gmhTODAY 16 gmhToday Sept Oct 2017 - Page 18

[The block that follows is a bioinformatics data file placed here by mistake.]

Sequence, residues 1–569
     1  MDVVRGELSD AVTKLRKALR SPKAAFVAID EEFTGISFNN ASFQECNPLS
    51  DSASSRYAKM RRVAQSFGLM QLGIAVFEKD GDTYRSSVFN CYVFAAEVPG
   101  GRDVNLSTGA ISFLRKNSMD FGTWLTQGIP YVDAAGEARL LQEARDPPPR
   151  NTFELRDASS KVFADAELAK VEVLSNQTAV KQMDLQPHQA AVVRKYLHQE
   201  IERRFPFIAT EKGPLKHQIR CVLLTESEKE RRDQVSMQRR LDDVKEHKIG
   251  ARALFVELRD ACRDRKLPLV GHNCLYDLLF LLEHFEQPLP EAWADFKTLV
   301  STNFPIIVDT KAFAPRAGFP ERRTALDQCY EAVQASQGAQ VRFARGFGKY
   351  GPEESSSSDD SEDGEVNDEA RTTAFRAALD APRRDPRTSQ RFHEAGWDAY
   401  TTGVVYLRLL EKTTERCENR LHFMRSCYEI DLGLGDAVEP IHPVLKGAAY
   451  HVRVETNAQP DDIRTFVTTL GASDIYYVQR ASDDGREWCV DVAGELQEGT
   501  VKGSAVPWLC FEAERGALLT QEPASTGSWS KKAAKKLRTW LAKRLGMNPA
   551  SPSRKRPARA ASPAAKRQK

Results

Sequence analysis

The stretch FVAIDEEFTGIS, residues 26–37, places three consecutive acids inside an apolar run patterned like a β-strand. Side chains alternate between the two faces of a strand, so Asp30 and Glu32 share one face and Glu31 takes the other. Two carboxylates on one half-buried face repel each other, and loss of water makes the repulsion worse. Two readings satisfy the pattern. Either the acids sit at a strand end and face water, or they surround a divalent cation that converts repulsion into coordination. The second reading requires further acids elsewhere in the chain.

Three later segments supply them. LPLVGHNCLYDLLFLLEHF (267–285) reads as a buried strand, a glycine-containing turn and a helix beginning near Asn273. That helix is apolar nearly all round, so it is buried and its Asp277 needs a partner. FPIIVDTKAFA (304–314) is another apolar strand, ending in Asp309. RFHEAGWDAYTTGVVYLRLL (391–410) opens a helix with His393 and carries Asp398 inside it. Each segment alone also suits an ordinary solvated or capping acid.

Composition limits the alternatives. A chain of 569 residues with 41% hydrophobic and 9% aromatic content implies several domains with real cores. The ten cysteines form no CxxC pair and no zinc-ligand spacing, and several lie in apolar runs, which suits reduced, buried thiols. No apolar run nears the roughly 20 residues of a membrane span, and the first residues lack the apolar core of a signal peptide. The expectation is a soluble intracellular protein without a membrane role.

The Luxury of Selfishness H Top Producing Team Gilroy Office, 2016 Marta Dinsmore, Realtor GRI Intero Real Estate Services DinsmoreThePowerOfTwo.com 408.840.7420 DRE #01352339 Sean Dinsmore, Realtor Intero Real Estate Services DinsmoreThePowerOfTwo.com 408.840.7327 DRE #01966405 18 ow many bedrooms can you fit in an 8,000 sq.ft. home? Well, how many bed- rooms do you want? Better question: how many do you need? Must we always find a correlation between home space and number of bedrooms? The bigger the house, the more bedrooms? And, accordingly, the smaller the house, the less bedrooms? NO. I repeat: NO. Does not have to be. An past article in the weekend edition of the Wall Street Journal caught my eye. The editor, Stephanos Chen, was writing about the perplexing questions mentioned above. Great topic. Here goes the story, as reported by the Wall Street Journal: a couple from Chicago is looking to sell a beautiful 7,569 sq.ft. house for about $5 million, a rather hefty price these days in the Windy City. But wait to see what you get for the money. The property has a 900 sq.ft. gym—a barrel-vaulted penthouse for entertaining—an oak-paneled library—an outdoor theater—and all that and plenty more on five decks and terraces. Picture perfect. Start writing your offer. There is only one little glitch, if you may call it that: the house has “only” two bedrooms. Wow, what’s wrong with this picture? Nothing. Nothing at all. Why not having just 2 bedrooms, rather than three, four, five, six or whatever? If it were your house, how many would you have, and why? What’s your lifestyle? Who is the house for, if it’s not for you? You see, the choice belongs to YOU, irrespective of what others may think about the matter. What most people end up doing is often based on arbitrary conventions or, perhaps a lack of individual and original thinking. In the Chicago scenario we are talking about, the owners are of the opinion that having more bedrooms than they actually can use is a total waste of space. Besides, they cherish their privacy and don’t care to keep the doors open for lingering guests. Let’s be real. Who needs a lot of bedrooms? Well, if you have a lot of kids, it makes sense, at least as long as you have them living at home. Same thing about friends or relatives. Depends how many and how often they “pay” you a visit. Is it all year long? Or just six months out of twelve? Or only a couple of weeks a year? Buying a house with plenty of bedrooms (and perhaps paying more than you otherwise would) with the thought that you might need them every once in a while does not sound like a fantastic idea. We are in 2017, right? And we live in a country where it is very easy to sell or buy a new home anytime, depending on whether the family is growing or shrinking and how personal needs are evolving. Nobody said anyone had to live in the same house all life long and have a roof big enough to accommodate around the clock a host of relatives from several generations. With the exception of a few countries still attached to this cul- tural trait, most people appreciate their privacy. It sounds a little selfish and it probably is. But so what? It’s OK. It’s your house. It’s your money. Guests, for the most part, are enjoyable and it’s nice to share wonderful times with them. During the day that is. When the night falls, it’s also nice to kiss every- body goodbye—until the next day. In between the two, lodging options are plenty and as comfortable as wished by all concerned. That’s what hotels are for. Or Airbnb if you so choose —or other relatives. Now, before you rush to sell your existing home and get yourself a new palatial two bedroom pad, there is one thing you should know. When comes the time to sell, fewer bedrooms means more time on the market waiting for a buyer. Everything being equal, the demand for a low bedroom count is (at this point) narrower than for a three or four bedroom house. Largely because of the traditional mindset mentioned above. According to a study ran by Realtor.com, the typical luxury home offered on the market last year had a median size of 4,705 sq.ft. and had five bedrooms. No surprise. What you may find surprising though is the fact that, according to the same analysis spanning the 50 largest metro areas, luxury homes with lots of space but fewer bedrooms command a higher sale price. Lots of people would find it smarter and more valuable to put a bowling alley in the house rather than another useless bedroom (or more) collecting dust. One more thing to think about next time you go shopping for a new home, a new home that looks like you and truly fits your lifestyle. GILROY • MORGAN HILL • SAN MARTIN SEPTEMBER/OCTOBER 2017 gmhtoday.com